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The Bishopsgate Blog provides an added insight into all of our activities, Library, Courses, Events and Schools and Community Learning. Our regular blogs will feature speakers from our Cultural Events, photographs, documents, letters, posters and ephemera from the Library, up-to-date news and information on courses and first-hand accounts of our Schools and Community workshops.

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Courses Our regular blogs will provide up-to-date news and information on our courses
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Schools and Community First hand accounts of our archive learning workshops

Schools and Community

Our inspired Schools and Community Learning programme delivers a range of workshops and projects using the unique and fascinating collections found within our world-renowned Bishopsgate Library. Our workshops are suitable for learners of all ages and are used by wide variety of audiences from primary school pupils to pensioners.

Our regular blogs will demonstrate how our Schools and Community Learning programme encourages discovery and enquiry amongst our wide-ranging participants.


Culture and arts, heritage and history, ideas and independent thought all come together in our exciting events programmes. You can enjoy talks, walks, discussions and debates, or one of the many concerts that take place throughout the year.

Our regular blogs will give an added insight and perspective into our dynamic programme with content from speakers at our events.


Situated in a Grade II* listed building, Bishopsgate Library’s beautiful reading room is a peaceful place to study that is open to all; a calm oasis amid the bustle of Spitalfields and the City. In our dedicated Researchers’ Area, you can consult our renowned printed and archival collections on London, labour, freethought and Humanism, co-operation, or protesting and campaigning.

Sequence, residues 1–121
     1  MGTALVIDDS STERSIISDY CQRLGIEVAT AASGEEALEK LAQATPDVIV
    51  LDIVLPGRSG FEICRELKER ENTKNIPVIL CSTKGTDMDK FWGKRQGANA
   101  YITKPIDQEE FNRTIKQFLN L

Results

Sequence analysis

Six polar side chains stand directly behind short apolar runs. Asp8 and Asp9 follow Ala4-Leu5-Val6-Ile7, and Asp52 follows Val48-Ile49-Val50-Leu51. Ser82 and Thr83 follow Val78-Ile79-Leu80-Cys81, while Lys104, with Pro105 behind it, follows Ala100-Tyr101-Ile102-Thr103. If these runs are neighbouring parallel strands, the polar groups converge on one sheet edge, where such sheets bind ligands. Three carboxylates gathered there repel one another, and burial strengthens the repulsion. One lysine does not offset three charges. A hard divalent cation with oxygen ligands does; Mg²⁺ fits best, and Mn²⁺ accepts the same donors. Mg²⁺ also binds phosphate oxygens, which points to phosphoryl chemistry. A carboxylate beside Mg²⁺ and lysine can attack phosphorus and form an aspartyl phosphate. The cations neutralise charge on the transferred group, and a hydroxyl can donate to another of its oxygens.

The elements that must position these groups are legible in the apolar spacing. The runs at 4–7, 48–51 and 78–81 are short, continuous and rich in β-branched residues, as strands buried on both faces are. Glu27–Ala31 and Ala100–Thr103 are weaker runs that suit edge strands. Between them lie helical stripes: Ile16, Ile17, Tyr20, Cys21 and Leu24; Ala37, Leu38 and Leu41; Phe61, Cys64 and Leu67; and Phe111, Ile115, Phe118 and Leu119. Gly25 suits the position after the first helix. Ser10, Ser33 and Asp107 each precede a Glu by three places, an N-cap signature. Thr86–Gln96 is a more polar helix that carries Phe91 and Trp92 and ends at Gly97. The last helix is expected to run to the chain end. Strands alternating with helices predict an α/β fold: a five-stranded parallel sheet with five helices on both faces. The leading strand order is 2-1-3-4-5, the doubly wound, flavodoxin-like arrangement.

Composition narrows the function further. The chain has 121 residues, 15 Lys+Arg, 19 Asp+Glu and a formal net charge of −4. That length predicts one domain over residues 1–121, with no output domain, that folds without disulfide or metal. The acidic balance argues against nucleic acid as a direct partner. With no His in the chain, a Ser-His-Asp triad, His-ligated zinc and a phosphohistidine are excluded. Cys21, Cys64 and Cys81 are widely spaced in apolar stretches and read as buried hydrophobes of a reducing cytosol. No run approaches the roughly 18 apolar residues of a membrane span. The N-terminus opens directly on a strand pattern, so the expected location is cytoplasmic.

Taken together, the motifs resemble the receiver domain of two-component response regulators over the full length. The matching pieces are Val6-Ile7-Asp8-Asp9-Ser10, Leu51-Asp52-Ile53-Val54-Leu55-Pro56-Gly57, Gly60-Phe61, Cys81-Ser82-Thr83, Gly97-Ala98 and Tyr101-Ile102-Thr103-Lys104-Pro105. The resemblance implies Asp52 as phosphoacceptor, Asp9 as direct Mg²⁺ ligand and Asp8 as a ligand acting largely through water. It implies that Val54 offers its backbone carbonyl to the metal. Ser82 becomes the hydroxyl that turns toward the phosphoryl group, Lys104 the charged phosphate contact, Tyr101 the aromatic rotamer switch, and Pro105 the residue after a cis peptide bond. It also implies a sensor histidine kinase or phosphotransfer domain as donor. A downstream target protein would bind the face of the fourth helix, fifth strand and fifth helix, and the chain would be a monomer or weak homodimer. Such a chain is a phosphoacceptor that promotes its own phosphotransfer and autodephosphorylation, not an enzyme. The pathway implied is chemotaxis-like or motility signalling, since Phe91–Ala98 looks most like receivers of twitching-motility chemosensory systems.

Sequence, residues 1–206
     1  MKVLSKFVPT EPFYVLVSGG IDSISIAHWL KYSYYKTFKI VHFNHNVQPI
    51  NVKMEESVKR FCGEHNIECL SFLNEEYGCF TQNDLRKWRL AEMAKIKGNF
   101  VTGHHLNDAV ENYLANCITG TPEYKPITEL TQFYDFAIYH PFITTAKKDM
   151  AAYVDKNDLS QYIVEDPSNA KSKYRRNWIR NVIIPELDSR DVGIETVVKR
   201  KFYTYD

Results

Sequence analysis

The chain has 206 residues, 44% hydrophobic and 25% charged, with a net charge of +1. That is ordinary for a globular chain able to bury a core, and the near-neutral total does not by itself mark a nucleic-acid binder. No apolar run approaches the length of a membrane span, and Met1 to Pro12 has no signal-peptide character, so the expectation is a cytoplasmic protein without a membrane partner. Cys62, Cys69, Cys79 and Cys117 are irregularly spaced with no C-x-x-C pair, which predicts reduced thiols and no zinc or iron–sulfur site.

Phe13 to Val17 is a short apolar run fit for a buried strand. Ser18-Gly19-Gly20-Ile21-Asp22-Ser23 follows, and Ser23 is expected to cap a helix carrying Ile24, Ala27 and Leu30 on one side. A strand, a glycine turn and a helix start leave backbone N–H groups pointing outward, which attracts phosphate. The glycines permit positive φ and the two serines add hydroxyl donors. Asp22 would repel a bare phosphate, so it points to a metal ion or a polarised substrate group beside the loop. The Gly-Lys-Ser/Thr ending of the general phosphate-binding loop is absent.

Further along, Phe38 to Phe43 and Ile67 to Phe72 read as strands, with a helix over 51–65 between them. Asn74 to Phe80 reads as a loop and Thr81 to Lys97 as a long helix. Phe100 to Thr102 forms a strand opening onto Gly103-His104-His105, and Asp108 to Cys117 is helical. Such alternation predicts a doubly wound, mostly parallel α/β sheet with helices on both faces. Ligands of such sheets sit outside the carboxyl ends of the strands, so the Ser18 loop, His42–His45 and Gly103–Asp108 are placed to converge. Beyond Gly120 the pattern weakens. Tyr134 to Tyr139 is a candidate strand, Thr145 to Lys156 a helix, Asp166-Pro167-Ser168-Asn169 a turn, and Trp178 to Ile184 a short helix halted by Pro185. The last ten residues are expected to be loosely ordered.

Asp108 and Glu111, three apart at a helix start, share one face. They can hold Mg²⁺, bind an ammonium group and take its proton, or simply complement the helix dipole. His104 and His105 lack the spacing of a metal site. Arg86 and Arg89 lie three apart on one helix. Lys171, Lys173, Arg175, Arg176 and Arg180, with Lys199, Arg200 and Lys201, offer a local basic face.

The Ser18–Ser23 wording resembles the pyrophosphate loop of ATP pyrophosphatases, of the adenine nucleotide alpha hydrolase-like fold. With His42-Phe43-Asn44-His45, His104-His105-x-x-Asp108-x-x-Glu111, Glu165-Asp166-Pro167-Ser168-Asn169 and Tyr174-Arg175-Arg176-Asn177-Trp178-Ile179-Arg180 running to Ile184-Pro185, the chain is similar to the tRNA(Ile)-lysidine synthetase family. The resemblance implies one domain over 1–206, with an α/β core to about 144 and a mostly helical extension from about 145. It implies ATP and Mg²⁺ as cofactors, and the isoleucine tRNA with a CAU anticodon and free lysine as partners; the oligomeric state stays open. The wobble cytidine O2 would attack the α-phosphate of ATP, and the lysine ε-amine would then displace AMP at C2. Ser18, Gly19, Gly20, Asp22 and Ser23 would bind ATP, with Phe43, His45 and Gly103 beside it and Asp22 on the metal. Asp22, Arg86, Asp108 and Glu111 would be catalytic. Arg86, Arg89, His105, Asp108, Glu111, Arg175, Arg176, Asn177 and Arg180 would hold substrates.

Our regular blogs will provide a new way for you to engage with the library collections and services, new acquisitions, activities and future developments.


Our comprehensive range of short courses offer you the opportunity to discover, discuss and be inspired in a welcoming environment. Our courses are conveniently designed to take place throughout the day, including lunchtimes, after work and at weekends. We have five course strands, Arts and Culture, Words and Ideas, Languages, Performing Arts and Body & Exercise to choose from.

Our regular blogs will provide up-to-date news and information.

Bishopsgate Blog
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Open Houses London focuses people's attention on the capital's great architecture. We asked tutor Steven Barrett to tell us the landmarks and buildings that he thinks gives London its unique character.

I've chosen the Boundary Estate in Bethnal Green because it embodies many of the themes I'll be covering on the Architecture of London course. History isn't only about famous people, it's about ordinary people too, and a history of London's architecture shouldn't focus only on famous landmarks but include some of the everyday buildings that have changed Londoners' lives. 

Image of Bandstand at Boundary Estate
The Boundary Estate is a perfect case study - the first planned housing estate in the capital; one of the very first in the world. It replaced Victorian London's worst slum, the Nichol, a labyrinth of dilapidated streets and courts which housed upwards of 6000 people and had a death rate double that of Bethnal Green as a whole. In Charles Booth's famous survey of East London published in 1889, Life and Labour of the People of London, the Nichol was coloured almost entirely black, Booth's lowest category denoting 'vicious and semi-criminal' inhabitants.